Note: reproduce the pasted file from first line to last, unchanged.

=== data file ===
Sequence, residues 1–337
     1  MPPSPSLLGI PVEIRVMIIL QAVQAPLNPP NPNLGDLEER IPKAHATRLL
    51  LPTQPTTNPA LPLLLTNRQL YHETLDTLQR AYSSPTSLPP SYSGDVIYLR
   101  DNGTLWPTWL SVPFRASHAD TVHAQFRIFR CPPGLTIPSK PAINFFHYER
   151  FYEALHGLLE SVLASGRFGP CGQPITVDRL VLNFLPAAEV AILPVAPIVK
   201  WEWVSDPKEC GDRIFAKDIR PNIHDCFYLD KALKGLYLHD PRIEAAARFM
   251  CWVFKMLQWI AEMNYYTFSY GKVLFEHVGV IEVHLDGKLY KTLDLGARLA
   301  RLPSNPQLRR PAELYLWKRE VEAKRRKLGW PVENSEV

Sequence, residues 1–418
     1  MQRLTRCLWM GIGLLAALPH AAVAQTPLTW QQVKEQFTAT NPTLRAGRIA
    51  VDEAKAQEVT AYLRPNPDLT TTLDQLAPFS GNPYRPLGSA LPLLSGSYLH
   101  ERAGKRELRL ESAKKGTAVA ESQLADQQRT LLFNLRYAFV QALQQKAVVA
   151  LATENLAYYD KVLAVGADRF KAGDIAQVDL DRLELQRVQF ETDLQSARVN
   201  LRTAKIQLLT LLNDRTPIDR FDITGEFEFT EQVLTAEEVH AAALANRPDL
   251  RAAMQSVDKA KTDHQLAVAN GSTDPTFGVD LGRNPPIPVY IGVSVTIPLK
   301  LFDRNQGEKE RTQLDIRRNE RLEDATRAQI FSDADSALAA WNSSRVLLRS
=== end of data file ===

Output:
Sequence, residues 1–337
     1  MPPSPSLLGI PVEIRVMIIL QAVQAPLNPP NPNLGDLEER IPKAHATRLL
    51  LPTQPTTNPA LPLLLTNRQL YHETLDTLQR AYSSPTSLPP SYSGDVIYLR
   101  DNGTLWPTWL SVPFRASHAD TVHAQFRIFR CPPGLTIPSK PAINFFHYER
   151  FYEALHGLLE SVLASGRFGP CGQPITVDRL VLNFLPAAEV AILPVAPIVK
   201  WEWVSDPKEC GDRIFAKDIR PNIHDCFYLD KALKGLYLHD PRIEAAARFM
   251  CWVFKMLQWI AEMNYYTFSY GKVLFEHVGV IEVHLDGKLY KTLDLGARLA
   301  RLPSNPQLRR PAELYLWKRE VEAKRRKLGW PVENSEV

Sequence, residues 1–418
     1  MQRLTRCLWM GIGLLAALPH AAVAQTPLTW QQVKEQFTAT NPTLRAGRIA
    51  VDEAKAQEVT AYLRPNPDLT TTLDQLAPFS GNPYRPLGSA LPLLSGSYLH
   101  ERAGKRELRL ESAKKGTAVA ESQLADQQRT LLFNLRYAFV QALQQKAVVA
   151  LATENLAYYD KVLAVGADRF KAGDIAQVDL DRLELQRVQF ETDLQSARVN
   201  LRTAKIQLLT LLNDRTPIDR FDITGEFEFT EQVLTAEEVH AAALANRPDL
   251  RAAMQSVDKA KTDHQLAVAN GSTDPTFGVD LGRNPPIPVY IGVSVTIPLK
   301  LFDRNQGEKE RTQLDIRRNE RLEDATRAQI FSDADSALAA WNSSRVLLRS